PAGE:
Nearly 50 percent of elderly people over age 85 have Alzheimer's disease. Now, researchers say a certain type of hormone therapy may cause some postmenopausal women to develop dementia, which is a symptom associated with many cognitive disorders, including Alzheimer's.
Researchers from Wake Forest University studied more than 4,500 postmenopausal women who were all involved in the Women's Health Initiative. The WHI came to an early end last year because of increased health risks in women receiving the combined hormone therapy. In a small portion of that study regarding memory -- called the Women's Health Initiative Memory Study (WHIMS) -- researchers compared cognitive function in women on hormone therapy to women who received a placebo.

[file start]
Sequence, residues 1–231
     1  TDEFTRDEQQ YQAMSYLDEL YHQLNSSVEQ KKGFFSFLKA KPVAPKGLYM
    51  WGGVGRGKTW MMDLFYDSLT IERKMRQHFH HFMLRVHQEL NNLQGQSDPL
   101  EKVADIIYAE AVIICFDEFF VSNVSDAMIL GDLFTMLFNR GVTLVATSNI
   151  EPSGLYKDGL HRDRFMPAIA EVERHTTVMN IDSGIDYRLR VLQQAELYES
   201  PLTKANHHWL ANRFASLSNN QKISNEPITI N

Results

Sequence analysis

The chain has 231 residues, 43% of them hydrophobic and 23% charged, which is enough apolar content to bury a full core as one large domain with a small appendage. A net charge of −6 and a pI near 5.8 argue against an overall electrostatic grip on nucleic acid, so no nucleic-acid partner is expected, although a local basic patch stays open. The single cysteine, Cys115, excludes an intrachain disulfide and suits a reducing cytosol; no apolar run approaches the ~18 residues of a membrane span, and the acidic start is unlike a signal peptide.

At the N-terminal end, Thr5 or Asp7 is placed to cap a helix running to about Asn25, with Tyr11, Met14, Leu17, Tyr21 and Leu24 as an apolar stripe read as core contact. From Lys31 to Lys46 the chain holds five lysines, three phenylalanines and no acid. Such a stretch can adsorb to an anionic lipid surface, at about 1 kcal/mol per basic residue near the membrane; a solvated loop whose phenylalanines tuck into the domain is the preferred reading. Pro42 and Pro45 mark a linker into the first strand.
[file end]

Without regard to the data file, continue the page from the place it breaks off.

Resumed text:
Researchers found 66 percent of the women on combined hormone therapy were diagnosed with probable dementia. This was compared to 34 percent in the placebo group. Patients, whom researchers believed developed dementia as a result of taking the hormone therapy, were given neuro-psychological tests and were evaluated by physicians. Authors of the study say the results are unexpected and are in striking contrast to most of the earlier research on the effects of hormone therapy on Alzheimer's and dementia.
Researchers say the combined hormone therapy should not be prescribed to women with the intent of enhancing cognitive performance because it has the opposite effect. They write, "The WHIMS estrogen plus progestin data reinforce the conclusion that the risks of estrogen plus progestin outweigh the benefits."